Edie’s Garden—A Place to Discover Nature

By Barb Elliot

Wildlife is abundant in Edie’s yard.  She finds birds, butterflies, moths, dragonflies, bugs,

Monarch newly emerged and ready for release. Raised from eggs laid on Edie’s Butterfly Milkweed.  © Edie Parnum.  Click to enlarge.

Monarch newly emerged and ready for release. Raised from eggs laid on Edie’s Butterfly Milkweed. © Edie Parnum. Click to enlarge.

beetles, bees, wasps, flies, and more – creatures she loves – living among her native plants.

It wasn’t always this way.  I saw the yard when Edie moved to this ¾-acre property in 2007. It was mostly turf grass. Except for a few native trees (Black Cherry, Red Maple, White Pine), no native plants grew here. Consequently, we observed few birds—just an occasional robin or starling—no other wildlife.  She knew she could transform her lifeless property into a healthy habitat for wildlife by reducing the lawn and planting native plants. It could become a place where she could discover, learn, and enjoy nature.

To create a healthy ecosystem on her property she wanted to:

  • Plant a diversity and multitude of native plants
  • Offer conditions for birds and other creatures to thrive and reproduce
  • Provide year-round food sources, water, cover, and places to raise young for wildlife
  • Welcome lots of birds—certainly hummingbirds
  • Create a place of beauty where she could be immersed in nature
  • Learn the species of flora and fauna and how they interact and depend on each other
  • Leave a legacy of nature for future generations with long-lived trees and shrubs

Gradually, year by year, she has succeeded in creating this haven for wildlife.  Eight years later I see thousands of native plants.  They include perennials, grasses, vines, ferns, and woody plants, i.e. shrubs and trees.  She planted densely, letting the plants touch each other as they do in the wild.  Her canopy trees are young, but the oaks and others will be massively productive for wildlife for decades.  Eastern Redbud, Flowering Dogwood, and Shadbush are already filling the understory.  The mature shrubs like Spicebush, Elderberry, and several viburnum species are now luxuriant.  At the ground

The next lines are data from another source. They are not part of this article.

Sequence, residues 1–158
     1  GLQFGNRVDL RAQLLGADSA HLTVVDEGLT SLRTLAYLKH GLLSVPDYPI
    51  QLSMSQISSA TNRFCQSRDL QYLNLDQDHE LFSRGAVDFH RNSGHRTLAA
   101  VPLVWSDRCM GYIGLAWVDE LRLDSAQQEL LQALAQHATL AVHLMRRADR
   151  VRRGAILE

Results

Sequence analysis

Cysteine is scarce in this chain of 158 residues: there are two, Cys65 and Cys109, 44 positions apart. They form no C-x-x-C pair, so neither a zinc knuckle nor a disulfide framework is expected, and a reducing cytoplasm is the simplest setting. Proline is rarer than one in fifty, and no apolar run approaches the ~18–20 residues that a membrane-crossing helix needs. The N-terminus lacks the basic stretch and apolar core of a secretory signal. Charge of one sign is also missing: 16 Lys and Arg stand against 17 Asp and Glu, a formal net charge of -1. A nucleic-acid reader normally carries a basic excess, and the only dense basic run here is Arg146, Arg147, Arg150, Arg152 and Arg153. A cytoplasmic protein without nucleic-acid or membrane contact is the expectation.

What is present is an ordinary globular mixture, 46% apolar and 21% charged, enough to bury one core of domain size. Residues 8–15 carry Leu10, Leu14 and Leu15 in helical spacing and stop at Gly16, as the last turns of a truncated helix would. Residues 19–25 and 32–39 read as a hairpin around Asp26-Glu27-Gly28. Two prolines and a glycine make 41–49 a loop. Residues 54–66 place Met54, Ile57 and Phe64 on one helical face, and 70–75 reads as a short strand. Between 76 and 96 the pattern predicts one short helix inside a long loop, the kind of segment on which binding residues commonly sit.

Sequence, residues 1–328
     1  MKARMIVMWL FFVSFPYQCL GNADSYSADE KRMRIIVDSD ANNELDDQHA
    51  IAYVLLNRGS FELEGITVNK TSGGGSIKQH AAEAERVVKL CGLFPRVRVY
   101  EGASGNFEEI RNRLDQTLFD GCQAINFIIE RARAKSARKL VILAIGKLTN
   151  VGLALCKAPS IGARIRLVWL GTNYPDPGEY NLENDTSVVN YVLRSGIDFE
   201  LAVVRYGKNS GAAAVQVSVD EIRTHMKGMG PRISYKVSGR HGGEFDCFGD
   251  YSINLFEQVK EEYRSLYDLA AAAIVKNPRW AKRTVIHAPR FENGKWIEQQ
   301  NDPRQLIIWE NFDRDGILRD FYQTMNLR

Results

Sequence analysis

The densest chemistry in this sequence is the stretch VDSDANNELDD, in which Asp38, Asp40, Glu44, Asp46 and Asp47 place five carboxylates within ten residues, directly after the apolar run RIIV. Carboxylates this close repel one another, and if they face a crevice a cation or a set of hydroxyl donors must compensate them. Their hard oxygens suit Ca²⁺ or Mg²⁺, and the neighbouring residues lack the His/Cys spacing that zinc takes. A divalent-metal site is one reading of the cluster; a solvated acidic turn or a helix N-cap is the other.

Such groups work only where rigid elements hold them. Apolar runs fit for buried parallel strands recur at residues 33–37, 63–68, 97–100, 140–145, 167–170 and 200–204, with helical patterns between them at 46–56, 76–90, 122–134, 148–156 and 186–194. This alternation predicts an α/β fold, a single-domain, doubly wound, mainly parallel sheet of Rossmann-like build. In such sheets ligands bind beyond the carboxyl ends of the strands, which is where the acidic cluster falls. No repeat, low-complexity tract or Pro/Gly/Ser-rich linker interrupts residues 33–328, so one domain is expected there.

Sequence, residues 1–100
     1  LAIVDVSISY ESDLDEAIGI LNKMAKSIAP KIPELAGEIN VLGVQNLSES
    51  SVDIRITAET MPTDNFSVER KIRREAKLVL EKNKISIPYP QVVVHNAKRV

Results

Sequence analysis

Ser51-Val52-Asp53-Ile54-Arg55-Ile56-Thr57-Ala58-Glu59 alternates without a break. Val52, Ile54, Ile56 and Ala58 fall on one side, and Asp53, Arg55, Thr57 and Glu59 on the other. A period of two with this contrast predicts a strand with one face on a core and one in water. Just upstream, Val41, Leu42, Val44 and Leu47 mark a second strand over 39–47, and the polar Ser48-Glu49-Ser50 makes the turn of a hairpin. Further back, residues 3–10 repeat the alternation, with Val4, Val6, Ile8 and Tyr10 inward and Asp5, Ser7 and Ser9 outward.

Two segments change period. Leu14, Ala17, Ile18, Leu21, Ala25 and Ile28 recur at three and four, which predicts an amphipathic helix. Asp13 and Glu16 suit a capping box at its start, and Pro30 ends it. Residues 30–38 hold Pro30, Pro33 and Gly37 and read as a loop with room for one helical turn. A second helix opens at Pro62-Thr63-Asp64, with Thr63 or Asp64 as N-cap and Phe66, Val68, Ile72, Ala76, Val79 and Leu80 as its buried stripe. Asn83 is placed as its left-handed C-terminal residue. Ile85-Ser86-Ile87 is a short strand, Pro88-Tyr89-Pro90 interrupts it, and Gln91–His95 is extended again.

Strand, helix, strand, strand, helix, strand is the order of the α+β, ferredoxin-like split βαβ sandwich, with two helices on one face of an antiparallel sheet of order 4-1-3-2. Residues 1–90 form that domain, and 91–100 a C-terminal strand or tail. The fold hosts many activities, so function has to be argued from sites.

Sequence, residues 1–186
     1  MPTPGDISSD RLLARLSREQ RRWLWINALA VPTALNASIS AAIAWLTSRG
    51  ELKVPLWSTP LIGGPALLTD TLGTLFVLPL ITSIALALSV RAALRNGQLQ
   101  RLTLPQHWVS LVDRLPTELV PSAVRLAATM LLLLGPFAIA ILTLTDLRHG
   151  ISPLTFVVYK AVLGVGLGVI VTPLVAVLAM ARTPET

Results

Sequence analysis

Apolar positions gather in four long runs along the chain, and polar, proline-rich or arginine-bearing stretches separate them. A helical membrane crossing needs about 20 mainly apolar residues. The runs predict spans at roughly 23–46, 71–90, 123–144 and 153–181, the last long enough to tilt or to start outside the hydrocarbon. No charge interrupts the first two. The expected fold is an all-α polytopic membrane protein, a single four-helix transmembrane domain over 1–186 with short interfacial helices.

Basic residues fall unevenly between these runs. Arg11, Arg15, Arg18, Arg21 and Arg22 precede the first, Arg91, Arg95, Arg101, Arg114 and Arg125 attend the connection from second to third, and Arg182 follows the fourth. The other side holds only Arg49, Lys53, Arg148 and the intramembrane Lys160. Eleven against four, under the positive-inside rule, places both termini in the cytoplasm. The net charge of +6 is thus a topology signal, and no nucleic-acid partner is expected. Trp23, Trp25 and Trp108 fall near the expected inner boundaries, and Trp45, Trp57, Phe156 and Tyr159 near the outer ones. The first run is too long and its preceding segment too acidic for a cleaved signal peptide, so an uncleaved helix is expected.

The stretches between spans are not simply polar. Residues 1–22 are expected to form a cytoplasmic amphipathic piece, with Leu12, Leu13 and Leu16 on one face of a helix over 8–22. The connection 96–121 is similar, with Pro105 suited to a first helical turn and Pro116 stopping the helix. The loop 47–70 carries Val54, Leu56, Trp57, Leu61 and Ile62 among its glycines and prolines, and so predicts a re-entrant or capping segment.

Red Milkweed Beetles eat plants in the milkweed family.  The beetles are protected by the milkweed's toxins and the black and red colors. © Edie Parnum.  click to enlarge.

Red Milkweed Beetles eat plants in the milkweed family. The beetles are protected by the milkweed’s toxins and the black and red colors. © Edie Parnum. click to enlarge.

level perennials, vines, ferns, sedges, and grasses, are profuse. This diversity of plants offer nuts, seeds, berries, nectar, and pollen.  Even the foliage of the native plants is indirectly a source of food.  Insects eat the leaves and become food for birds and other creatures.

Birds now find what they need to live and thrive. They eat the fruits, nuts, seeds, and nectar produced by the yard’s native plants.  Resident and migrating birds eat the insects hosted by her native plants. For example, Carolina


Chickadees can locate the 6, 000-plus caterpillars required to feed their young.  Of course, no pesticides are ever used.

Edie has added other features for birds.  She installed nest boxes for cavity-nesting House Wrens and Tree Swallows.  She allows fallen leaves to lie in many places. Eastern Towhees and Brown Thrashers rummage in this leaf litter to find insects. Carolina Wrens

 Trumpet Honeysuckle, a well-behaved vine with hummingbird-attracting red tubular flowers.  © Edie Parnum. Click to enlarge.

Trumpet Honeysuckle, a well-behaved vine with hummingbird-attracting red tubular flowers. © Edie Parnum. Click to enlarge.

often locate their insect delicacies in the brush pile. On a snag (dead tree) woodpeckers, including a Pileated Woodpecker, forage for insects in the decaying wood. A Trumpet Vine grows on this snag and attracts hummingbirds seeking nectar from its flowers. A bird bath and small pond offer birds water. The bird feeders supply a small proportion of food needed by some of the birds. Many, many birds (106 species) love this yard.